THE CIRCUIT COURT OF THE CITY OF RICHMOND Melvin R. Hughes,
Jr., Judge Designate
Whitley, Deputy Public Defender, for appellant.
Benjamin H. Katz, Assistant Attorney General (Mark R.
Herring, Attorney General, on brief), for appellee.
Present: Judges Decker, Malveaux and Senior Judge Clements
Argued at Richmond, Virginia
GRAFF DECKER JUDGE
Monique White appeals her convictions for financial
exploitation of a mentally incapacitated person and credit
card fraud, in violation of Code §§ 18.2-178.1 and
-195. The appellant argues that the Commonwealth failed to
prove that the victim was mentally incapacitated within the
definition of the financial exploitation statute. She also
argues that the Commonwealth failed to prove that she
possessed the credit card without the consent of the
cardholder. For the reasons that follow, we affirm the
2003, the victim, A.C.,  contracted West Nile virus and
encephalitis. As a result, she suffered a serious brain
injury that significantly compromised her mental and physical
capabilities. M.B., the victim's sister-in-law, had her
power of attorney. Starting in 2004, M.B. arranged
around-the-clock in-home health care for the victim. In 2012,
M.B. hired the company A Heart for You to provide A.C's
nursing care. In 2014, the company placed the appellant in
the victim's home as a health care provider.
2014, the time of the offenses, A.C. had various mental and
physical limitations. She was forgetful and often confused.
The victim could not process basic information such as the
date, time, or season. She was unable to take care of herself
without assistance or to manage her financial affairs. She
needed assistance with personal hygiene, dressing, cooking,
and cleaning. Although she was able to hold a conversation,
she would usually forget that it had occurred. In addition,
A.C. had difficulty conversing; her speech was garbled and
sometimes she could not understand simple phrases.
beginning of the appellant's placement with the victim,
M.B. met with her. M.B. explained the duties of the job to
the appellant, including the extent of A.C's physical and
mental needs. The appellant was expected as "a part of
the job" to use the victim's debit card "when
[she] took [the victim] out." M.B. relied on the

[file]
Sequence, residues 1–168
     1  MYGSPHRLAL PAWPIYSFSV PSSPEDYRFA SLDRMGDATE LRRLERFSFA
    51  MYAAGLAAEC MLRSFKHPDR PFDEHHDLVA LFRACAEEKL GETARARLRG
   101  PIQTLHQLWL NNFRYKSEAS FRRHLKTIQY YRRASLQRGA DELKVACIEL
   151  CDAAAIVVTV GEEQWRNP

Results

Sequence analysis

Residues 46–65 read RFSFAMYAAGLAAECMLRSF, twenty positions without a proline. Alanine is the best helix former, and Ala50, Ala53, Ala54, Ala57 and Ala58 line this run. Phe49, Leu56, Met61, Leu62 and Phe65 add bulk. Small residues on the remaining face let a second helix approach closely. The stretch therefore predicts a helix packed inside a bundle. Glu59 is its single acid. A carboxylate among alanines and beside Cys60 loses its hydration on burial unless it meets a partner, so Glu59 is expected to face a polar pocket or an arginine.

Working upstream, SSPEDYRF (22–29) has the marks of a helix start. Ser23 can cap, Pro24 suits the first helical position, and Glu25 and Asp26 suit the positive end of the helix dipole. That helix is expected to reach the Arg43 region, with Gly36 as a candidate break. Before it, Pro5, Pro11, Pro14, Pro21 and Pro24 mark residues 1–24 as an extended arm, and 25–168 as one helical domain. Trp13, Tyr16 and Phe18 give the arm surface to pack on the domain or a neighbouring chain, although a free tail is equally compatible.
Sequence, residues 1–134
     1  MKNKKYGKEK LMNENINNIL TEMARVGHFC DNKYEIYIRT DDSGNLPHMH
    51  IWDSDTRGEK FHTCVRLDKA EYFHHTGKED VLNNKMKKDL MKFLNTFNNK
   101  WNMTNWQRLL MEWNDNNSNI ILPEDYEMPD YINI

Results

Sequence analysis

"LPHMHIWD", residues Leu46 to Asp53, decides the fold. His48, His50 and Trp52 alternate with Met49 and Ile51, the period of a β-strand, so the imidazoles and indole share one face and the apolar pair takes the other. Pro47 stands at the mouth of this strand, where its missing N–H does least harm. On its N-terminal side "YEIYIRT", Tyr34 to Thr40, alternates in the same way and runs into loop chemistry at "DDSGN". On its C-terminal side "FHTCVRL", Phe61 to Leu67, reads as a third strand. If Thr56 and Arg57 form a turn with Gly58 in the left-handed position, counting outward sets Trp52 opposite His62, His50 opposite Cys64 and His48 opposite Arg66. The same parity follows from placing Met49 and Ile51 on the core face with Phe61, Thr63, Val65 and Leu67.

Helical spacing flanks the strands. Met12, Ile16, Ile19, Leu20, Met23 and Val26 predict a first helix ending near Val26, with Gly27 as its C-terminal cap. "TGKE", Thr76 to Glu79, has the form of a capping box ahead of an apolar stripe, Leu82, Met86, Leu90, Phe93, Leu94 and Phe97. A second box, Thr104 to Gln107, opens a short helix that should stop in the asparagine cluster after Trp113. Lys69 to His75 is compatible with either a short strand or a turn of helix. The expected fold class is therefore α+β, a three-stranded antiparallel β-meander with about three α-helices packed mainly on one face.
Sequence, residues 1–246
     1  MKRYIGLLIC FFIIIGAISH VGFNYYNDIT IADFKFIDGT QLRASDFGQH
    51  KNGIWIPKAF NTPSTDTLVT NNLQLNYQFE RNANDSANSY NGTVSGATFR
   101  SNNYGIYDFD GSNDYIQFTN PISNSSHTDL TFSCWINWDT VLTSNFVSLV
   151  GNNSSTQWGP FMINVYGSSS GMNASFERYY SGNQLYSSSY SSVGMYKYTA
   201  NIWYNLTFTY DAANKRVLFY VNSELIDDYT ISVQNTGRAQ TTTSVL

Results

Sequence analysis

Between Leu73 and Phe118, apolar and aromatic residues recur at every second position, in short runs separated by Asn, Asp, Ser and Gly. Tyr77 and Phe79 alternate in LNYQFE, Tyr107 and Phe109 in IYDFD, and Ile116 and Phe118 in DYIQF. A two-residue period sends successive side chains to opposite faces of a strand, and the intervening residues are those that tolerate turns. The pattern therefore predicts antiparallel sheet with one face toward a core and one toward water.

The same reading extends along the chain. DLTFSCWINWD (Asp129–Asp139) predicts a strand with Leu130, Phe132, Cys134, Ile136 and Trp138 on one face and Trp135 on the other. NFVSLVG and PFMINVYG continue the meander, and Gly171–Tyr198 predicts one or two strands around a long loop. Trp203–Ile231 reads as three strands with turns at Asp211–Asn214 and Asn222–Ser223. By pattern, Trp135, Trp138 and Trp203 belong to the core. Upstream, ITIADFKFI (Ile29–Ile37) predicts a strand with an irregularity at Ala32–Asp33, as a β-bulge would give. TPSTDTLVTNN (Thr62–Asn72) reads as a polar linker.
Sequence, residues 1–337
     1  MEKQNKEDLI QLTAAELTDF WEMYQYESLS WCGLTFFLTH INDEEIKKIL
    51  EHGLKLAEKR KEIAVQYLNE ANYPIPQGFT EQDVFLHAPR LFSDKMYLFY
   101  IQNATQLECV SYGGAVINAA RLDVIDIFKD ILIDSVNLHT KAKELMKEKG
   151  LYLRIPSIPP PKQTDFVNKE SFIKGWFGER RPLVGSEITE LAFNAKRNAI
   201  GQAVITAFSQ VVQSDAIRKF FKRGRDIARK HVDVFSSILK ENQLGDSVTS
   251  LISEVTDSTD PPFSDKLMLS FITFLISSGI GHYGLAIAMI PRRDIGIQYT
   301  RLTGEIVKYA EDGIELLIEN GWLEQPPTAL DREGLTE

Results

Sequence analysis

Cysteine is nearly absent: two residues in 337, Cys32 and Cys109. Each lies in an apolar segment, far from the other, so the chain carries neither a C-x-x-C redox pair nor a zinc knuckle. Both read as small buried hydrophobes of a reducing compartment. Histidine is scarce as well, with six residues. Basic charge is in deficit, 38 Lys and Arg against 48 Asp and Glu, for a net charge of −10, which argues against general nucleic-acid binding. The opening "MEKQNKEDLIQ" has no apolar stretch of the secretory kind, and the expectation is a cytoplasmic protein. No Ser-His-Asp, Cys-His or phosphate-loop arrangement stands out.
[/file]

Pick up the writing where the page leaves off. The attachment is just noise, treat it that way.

appellant to take A.C. shopping and help her make purchases
with the debit card. A.C. often forgot the personal
identification number (PIN) and was not dexterous enough to
type it on the keypad. Consequently, M.B. provided the
appellant with A.C.'s PIN and expected the appellant to
enter the PIN if the store required it. In addition, A.C. was
prone to dropping the card or "forget[ting] to put it
back in her purse, " so the appellant was responsible
for "making sure it went back in her purse." All
receipts for purchases were to be placed in an envelope that
M.B. monitored on a regular basis. M.B. told the appellant
that she could use the debit card only for A.C.'s
expenses. M.B. also told the appellant that she was not to
use the card for herself or to withdraw cash for her own
May 2014, M.B. noticed that two cash withdrawals in the
amount of $300 each had been made at automated teller
machines (ATMs) that month using the victim's debit card.
M.B. did not receive receipts for the cash withdrawals.
Footage from a surveillance camera at one of the ATMs showed
the appellant making the withdrawal on May 25, 2014.
law enforcement contacted the appellant's supervisor, she
telephoned the appellant and told her that her schedule was
going to be changed. The supervisor did not confront the
appellant about the allegations related to the ATM
withdrawals. Without prompting, the appellant suggested that
a person named "Peggy had dressed up like her" and
"was trying to get her in trouble." Peggy Robinson,
an employee of A Heart for You who also provided care for the
victim, did not physically resemble the appellant. Of
A.C.'s caregivers in May 2014, only the appellant and
Robinson had access to A.C.'s debit card.
Commonwealth charged the appellant with financial
exploitation of a mentally incapacitated person, in violation
of Code § 18.2-178.1, and credit card fraud, in
violation of Code § 18.2-195. The appellant argued in
her motion to strike at trial that the Commonwealth had not
proved that the victim was mentally incapacitated. She also
contended that she had permission to possess the debit card
and that A.C. may have told her to withdraw the money.
trial court found the appellant guilty of both charges. In
doing so, the court concluded that it was "abundantly
clear that [the victim] is mentally incapacitated" and
that there was "no question" that she "suffers
from mental incapacity within the meaning of the
statute." The appellant was sentenced to ...